EDAL fellows.

The Duke University Energy Initiative has selected its second cohort of Energy Data Analytics Ph.D. Student Fellows, which will include doctoral students in civil and environmental engineering, computer science, earth and ocean sciences, and electrical and computer engineering.

Launched in 2018, the one-of-a-kind fellows program is designed to produce scholars with expertise in both data science and energy application domains.

“Recent developments in machine learning and data science techniques have paved the way for better decisions about how we generate, transmit, and consume energy,” explains Brian Murray, director of the Duke University Energy Initiative. “The doctoral fellows program is designed to push past traditional disciplinary boundaries to prepare next-generation scholars to pursue the accessible, affordable, reliable, and clean energy systems our world needs.”

The second cohort of fellows include four doctoral students:

Alina Barnett

Alina is a second-year computer science Ph.D. student working in the Prediction Analysis Lab. Her project focuses on identifying buildings with poor insulation to better inform civic planning and policy.

Bohao Huang

Bohao Huang is a second-year Ph.D. student in electrical and computer engineering at the Pratt School of Engineering. Working in the Applied Machine Learning Lab, he is interested in leveraging advances in deep learning to develop algorithms that can automatically extract energy systems information from aerial imagery.

Jun Shepard

Jun is a Ph.D. student in earth and ocean sciences at the Nicholas School of the Environment. By studying energy systems in the context of trade, Jun hopes to better understand international energy security.

Tongshu Zheng

Tongshu Zheng is a Ph.D. student in civil and environmental engineering at Duke’s Pratt School of Engineering. Tongshu’s project considers leveraging data-driven techniques to develop a satellite-based remote sensing algorithm to accurately assess the loss in solar energy production due to particulate matter air pollution.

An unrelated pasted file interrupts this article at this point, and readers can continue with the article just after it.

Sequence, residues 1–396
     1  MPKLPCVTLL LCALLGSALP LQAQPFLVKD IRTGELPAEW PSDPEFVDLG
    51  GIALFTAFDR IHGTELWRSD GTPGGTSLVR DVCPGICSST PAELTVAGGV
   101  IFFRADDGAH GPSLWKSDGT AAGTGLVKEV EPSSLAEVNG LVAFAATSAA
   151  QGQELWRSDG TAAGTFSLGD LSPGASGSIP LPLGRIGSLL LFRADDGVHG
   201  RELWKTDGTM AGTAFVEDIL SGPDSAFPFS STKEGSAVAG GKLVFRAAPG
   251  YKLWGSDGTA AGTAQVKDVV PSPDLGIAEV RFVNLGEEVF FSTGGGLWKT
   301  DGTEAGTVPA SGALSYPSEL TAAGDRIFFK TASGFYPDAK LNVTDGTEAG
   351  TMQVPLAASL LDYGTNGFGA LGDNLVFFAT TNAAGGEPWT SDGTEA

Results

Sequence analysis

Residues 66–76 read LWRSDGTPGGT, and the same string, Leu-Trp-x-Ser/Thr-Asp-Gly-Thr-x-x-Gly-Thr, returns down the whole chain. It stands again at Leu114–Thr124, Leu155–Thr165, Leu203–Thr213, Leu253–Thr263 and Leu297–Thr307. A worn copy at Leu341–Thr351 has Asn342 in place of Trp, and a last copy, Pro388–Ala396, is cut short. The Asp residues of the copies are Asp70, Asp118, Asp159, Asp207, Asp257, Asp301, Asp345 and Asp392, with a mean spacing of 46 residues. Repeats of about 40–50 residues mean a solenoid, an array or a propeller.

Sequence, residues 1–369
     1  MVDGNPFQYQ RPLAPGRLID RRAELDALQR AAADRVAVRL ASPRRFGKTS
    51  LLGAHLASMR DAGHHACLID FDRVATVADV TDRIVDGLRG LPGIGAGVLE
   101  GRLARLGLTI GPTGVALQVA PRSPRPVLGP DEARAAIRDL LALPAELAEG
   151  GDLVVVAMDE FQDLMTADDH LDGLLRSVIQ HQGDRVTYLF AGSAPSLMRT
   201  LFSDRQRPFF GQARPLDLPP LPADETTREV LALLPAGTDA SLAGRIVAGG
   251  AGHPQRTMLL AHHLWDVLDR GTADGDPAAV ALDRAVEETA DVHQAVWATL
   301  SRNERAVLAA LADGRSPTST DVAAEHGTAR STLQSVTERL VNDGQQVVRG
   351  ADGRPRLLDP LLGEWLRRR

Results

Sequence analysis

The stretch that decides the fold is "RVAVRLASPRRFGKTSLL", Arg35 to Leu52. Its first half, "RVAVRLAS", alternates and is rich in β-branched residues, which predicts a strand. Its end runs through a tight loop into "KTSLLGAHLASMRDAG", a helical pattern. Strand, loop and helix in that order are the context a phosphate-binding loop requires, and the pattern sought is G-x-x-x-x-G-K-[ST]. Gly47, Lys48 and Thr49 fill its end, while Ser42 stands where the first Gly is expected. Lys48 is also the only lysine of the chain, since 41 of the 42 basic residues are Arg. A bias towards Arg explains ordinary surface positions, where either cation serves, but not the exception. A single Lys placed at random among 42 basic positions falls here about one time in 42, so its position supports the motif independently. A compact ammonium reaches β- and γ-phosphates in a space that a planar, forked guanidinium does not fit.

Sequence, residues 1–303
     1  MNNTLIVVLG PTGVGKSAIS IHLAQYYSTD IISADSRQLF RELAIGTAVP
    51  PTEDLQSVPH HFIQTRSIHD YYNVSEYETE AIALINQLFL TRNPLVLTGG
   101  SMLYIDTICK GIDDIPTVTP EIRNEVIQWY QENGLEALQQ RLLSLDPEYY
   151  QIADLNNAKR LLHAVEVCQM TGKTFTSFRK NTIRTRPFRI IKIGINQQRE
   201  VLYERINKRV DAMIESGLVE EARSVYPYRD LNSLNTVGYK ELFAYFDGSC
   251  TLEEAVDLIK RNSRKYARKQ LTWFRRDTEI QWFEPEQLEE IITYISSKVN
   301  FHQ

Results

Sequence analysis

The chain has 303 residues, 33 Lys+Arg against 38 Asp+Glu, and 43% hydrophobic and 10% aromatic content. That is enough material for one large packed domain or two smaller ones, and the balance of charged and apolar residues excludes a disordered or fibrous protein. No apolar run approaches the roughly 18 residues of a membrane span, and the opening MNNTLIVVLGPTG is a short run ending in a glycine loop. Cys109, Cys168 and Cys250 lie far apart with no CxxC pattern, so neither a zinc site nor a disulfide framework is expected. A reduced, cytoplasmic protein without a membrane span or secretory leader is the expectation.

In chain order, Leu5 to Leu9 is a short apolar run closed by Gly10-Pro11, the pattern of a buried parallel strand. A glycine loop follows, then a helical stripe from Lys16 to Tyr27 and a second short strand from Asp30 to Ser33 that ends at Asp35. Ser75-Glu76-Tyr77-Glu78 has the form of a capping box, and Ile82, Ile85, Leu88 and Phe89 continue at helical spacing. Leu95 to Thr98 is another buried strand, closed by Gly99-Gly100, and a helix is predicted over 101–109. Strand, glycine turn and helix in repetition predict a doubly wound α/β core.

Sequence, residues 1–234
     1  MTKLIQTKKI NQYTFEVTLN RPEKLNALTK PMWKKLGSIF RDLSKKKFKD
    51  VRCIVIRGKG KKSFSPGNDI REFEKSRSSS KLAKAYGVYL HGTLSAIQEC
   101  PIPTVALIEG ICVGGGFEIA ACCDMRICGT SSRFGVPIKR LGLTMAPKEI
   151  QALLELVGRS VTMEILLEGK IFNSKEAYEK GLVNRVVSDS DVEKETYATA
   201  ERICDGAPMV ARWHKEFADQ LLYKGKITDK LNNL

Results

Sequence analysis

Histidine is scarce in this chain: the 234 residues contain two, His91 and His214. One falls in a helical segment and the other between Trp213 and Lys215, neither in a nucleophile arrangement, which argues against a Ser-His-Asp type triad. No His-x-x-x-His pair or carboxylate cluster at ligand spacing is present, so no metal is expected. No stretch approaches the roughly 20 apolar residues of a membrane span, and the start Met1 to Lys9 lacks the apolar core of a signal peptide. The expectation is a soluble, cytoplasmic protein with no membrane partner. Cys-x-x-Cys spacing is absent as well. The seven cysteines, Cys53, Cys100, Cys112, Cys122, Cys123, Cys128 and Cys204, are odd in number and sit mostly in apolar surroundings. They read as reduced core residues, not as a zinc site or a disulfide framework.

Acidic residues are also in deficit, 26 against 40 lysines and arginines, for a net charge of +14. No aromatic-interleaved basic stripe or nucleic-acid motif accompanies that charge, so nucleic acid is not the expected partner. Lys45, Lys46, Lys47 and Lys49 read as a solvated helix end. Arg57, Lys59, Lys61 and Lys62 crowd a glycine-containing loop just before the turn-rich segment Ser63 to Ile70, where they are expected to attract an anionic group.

Each fellow will conduct a related research project for nine months, working with faculty from multiple disciplines. Learn more about the fellows’ backgrounds and their 2019-2020 research projects. 

In addition to funding equivalent to one-half of a full fellowship for an academic year, fellows will receive conference travel support and data acquisition support up to $2,000, as well as priority access to virtual machines, storage, and other computational resources. Research conducted by the first two cohorts of fellows will be highlighted at a symposium at Duke University in spring 2020.

Students in the first cohort of fellows have affirmed the value of the program’s multidisciplinary approach, reporting that it has strengthened dissertation chapters, encouraged them to present their work publicly, provided computational resources, and driven their engagement with real-world energy problems.

The program is organized by the Duke’s Energy Data Analytics Lab, a collaboration among three of the university’s signature interdisciplinary units: Duke University Energy Initiative (which houses it), Rhodes Information Initiative, and Social Science Research Institute (SSRI).

Duke’s Energy Data Analytics PhD Student Fellows Program is funded by a grant from the Alfred P. Sloan Foundation. (Note: Conclusions reached or positions taken by researchers or other grantees represent the views of the grantees themselves and not those of the Alfred P. Sloan Foundation or its trustees, officers, or staff.)

Register now to check out the 2018-2019 fellows’ final presentations and meet the new 2019-2020 fellows on May 17, 2019. Free lunch provided!

Originally posted on the Energy Initiative website